How to Advocate: For the Child Who Needs You

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READING TIME: 3 min.

First, you notice “the issue.” It isn’t a big deal, but you’re his mother so you notice. You don’t worry, because all children are different, but you make a mental note to keep an eye on it.

Next, you research. That quality you noticed is becoming more pronounced. You give him anything and everything you can. You discard all the articles you find that are alarmist. You book appointments with specialists to evaluate. You read everything you find in front of your buzzing computer screen at night, while he sleeps. You nonchalantly mention the issue to your doctor. He says your kid is awesome. Then he gives you the name of someone you could talk to if you’re worried. God bless that Pediatrician, seriously.

For a time, it seems it’s getting better. The appointments help, and his progress reassures you. But deep in your gut it gnaws on you that he’s coping and not confronting his challenges. You disagree with the opinions the specialists are giving you. You get stuck. You drink Sauvignon Blanc with your closest friends and ask them what they think you should do (the friends who will encourage and not “have-you-tried?” you). They tell you you’re a good mom for doing your best for him, and you remember why you love these friends. You wonder if people ever die of emotional exhaustion. 

You make a brave choice. You pull him out, or you put him in. Maybe both. You agonize over the effects of your brave choice, you cringe as others’ faces reveal their surprise, or judgment, or curiosity. But with allegiance to your child, you push through. You know your brave choice will make things better.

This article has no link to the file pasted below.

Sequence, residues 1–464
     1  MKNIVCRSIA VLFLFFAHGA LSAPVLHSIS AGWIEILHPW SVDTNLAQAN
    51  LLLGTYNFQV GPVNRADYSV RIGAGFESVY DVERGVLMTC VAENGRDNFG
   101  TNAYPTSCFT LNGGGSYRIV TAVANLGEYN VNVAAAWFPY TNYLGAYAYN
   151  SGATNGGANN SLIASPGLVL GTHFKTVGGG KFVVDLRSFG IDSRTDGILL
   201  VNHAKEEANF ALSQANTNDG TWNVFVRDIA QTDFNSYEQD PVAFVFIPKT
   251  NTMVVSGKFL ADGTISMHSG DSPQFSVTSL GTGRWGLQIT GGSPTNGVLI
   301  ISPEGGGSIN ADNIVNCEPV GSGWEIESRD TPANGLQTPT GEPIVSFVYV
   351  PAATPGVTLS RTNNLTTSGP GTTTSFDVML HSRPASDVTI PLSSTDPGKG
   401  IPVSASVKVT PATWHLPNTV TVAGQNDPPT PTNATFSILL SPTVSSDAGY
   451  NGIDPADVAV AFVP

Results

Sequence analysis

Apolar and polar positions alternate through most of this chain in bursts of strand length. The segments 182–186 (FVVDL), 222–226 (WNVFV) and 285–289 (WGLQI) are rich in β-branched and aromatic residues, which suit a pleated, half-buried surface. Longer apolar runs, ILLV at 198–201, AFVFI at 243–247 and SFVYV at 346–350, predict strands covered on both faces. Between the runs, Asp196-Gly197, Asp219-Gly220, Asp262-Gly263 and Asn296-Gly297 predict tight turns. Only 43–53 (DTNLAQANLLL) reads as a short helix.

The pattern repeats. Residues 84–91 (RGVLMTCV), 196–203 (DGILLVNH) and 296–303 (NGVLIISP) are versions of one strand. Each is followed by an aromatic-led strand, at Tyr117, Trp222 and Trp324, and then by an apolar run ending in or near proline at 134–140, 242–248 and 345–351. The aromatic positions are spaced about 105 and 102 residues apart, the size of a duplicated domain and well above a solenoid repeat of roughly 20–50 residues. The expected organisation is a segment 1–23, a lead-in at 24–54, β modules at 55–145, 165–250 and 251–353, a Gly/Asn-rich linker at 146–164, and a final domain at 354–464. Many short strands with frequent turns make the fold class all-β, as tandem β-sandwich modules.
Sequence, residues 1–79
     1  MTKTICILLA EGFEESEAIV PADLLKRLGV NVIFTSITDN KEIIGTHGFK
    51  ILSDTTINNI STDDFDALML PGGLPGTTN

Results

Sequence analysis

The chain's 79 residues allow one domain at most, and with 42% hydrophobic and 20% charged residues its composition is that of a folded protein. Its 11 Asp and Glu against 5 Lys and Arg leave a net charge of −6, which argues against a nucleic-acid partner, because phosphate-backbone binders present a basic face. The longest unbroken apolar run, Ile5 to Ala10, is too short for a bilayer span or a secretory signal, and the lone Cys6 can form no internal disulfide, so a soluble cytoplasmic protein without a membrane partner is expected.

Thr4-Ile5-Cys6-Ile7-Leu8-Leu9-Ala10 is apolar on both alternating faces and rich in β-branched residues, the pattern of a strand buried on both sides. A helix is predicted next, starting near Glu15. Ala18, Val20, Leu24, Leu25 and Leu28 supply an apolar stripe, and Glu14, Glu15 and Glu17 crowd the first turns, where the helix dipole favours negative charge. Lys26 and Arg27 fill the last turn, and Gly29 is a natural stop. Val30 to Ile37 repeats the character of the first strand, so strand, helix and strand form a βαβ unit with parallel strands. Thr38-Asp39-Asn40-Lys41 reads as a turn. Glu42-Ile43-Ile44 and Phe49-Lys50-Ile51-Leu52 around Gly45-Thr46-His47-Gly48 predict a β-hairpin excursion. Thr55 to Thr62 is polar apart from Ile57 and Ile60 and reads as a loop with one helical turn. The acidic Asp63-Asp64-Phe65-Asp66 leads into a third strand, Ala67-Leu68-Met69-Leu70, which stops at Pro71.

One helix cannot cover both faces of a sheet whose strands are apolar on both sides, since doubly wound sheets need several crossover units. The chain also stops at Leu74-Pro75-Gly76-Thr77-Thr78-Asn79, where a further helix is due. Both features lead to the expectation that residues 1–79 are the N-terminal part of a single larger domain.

He likes your brave choice. He adjusts. He makes friends. You continue to work with him. You try to work without pushing or expectation. You tell him one million times you love him for him. You don’t love his performance.  You. Love. Him.

The brave choice isn’t all it was cracked up to be. You agonize again. More comments/more observations/from more people, that aren’t helpful. Your husband wants to fix it. You buy some boots, which doesn’t help. But they do look pretty cute with skinny jeans, so there’s that.

You cry hot tears sitting in your SUV in the parking lot of Target. You keep your sunglasses on and your face is a statue and you don’t make a sound, so he doesn’t know. He sits two rows behind you… asking about snow leopards.

You pray a million prayers that he will trust that it’s not him that’s frustrating you. That someday he will understand you’re frustrated by this whole system that is built for everyone but him, and he will know your quiet tears are a demonstration of love for him, a frustration on his behalf, toward a system that feels impossible to buck. You pray that this journey weaves in him some faith, some courage of his own.

You cope, you research, you advocate:

you make a new brave choice.

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